What the Ground Can’t Hold, Shady Cosgrove

9781742612737The thing that grabbed me about this book was the title: it bothered me. Still does. And I want to rewrite it – “What the Ground Cannot Hold”.

But despite the fact that the title nagged at the edges of my reading view, I persisted and I am delighted that I did.

There are several different elements which are sure to intrigue readers in this book. Firstly, the plot. An avalanche on a mountain in the remote Andes – what’s not to love for those of us who enjoy a thriller? But this is only the background. The real intrigue lies in the complexity of each of the characters who find themselves stranded together in an isolated cabin, cut off from the rest of the world, alone in the white world of the mountain.

I thought Cosgrove was quite clever at how she wove together the narratives of each of these characters. This afforded the novel both a level of interest and a sound structure. In addition, it created a space for the reader to meander through the story filling in the gaps created by a single perspective as other voices were introduced. But more than this, it is what Cosgrove omits that is most intriguing about this book. In so many ways she leaves readers in the dark, providing only the scantest details about contextual events and the personal lives of each of her characters. I found these omissions both fascinating and irritating. What will Emma do about the lies her parents told her? How will Pedro reconcile himself to his past? Will the German family forgive themselves and each other? The book resolves none of these questions. They merely hang in the air, left for readers to ponder. Similarly, the plot is left hanging – “Surely I could hold on.” It is a brave ending, a climactic and tension filled crescendo which is left in mid air. I admire Cosgrove for leaving us like this, in the space that opens up with the not-knowing. I didn’t like it, but it leaves me with great respect for her as an author.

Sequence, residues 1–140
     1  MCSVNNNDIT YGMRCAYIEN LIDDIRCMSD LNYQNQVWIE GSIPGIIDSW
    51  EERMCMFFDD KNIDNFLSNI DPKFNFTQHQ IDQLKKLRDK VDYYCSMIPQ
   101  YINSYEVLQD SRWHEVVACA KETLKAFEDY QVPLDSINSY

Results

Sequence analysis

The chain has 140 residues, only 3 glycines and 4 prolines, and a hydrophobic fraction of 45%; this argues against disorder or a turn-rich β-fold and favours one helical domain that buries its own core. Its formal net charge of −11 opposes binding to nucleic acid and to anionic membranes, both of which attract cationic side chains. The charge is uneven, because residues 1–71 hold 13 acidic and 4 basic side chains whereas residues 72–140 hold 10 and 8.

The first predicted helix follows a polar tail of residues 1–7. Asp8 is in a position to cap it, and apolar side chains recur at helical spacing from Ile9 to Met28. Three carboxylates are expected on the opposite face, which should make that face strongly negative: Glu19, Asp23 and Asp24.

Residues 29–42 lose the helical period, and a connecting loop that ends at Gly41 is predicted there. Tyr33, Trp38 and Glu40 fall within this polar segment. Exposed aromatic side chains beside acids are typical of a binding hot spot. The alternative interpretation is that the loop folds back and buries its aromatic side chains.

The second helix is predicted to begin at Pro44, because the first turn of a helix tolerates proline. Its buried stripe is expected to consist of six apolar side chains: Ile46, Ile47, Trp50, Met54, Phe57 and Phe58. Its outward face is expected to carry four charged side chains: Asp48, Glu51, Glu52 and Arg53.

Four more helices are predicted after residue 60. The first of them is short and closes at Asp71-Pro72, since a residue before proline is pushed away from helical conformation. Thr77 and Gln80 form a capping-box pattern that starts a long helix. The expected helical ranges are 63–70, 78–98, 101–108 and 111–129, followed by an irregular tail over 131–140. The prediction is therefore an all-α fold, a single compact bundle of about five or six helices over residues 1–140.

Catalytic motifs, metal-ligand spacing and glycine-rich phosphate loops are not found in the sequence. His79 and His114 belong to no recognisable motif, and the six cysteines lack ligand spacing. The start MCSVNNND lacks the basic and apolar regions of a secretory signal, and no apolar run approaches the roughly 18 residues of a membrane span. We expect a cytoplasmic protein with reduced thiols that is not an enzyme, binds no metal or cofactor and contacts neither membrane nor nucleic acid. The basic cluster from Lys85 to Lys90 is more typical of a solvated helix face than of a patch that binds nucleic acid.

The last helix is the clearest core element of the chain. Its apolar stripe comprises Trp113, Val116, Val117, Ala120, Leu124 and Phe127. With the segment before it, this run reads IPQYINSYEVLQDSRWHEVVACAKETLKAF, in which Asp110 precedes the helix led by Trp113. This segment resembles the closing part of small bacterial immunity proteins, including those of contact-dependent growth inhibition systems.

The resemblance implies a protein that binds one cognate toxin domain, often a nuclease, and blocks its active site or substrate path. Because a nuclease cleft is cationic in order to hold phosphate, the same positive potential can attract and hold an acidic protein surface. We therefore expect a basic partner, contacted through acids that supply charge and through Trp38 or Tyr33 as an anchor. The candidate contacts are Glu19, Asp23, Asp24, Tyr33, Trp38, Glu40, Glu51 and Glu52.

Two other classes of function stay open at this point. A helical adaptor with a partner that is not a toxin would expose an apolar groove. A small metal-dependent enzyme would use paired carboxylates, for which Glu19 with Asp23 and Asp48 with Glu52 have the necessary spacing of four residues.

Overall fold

This was certainly an interesting read and I will look out for more of Cosgrove’s books – perhaps there will be a sequel and there I will find the resolution that I so crave as a reader?

The Children Act, Ian McEwan

the-children-act-cover-imageIf there’s one thing that I can be certain of in this life, it is that if I am at a loss for something to read, Ian McEwan will certainly deliver greatness. The Children Act didn’t disappoint.

There was a special quality to this book that I think rested in the intimate yet detached narrative voice afforded by the perspective of Fiona Maye – a leading HIgh Court judge presiding over cases in the family court. Maye is a perfect protagonist; she loves her job, is committed to the morality and ethics of the outcomes she delivers, she is in awe of the law and yet she is distant from the people she rules against as her position necessitates. This affords her the ability, as a narrator, to present a simultaneously distant (her husband might say cold), yet intimate view of the cases that come across her desk. McEwan replicates this in his text: “London. Trinity term one week old. Implacable June weather.” The truncated sentences, sparse but layered with implied detail, provide the perfect space for Maye as narrator. The Washington Post describes The Children Act as “finely choreographed”, too long to be a novella but with “that focused intensity and single arc”.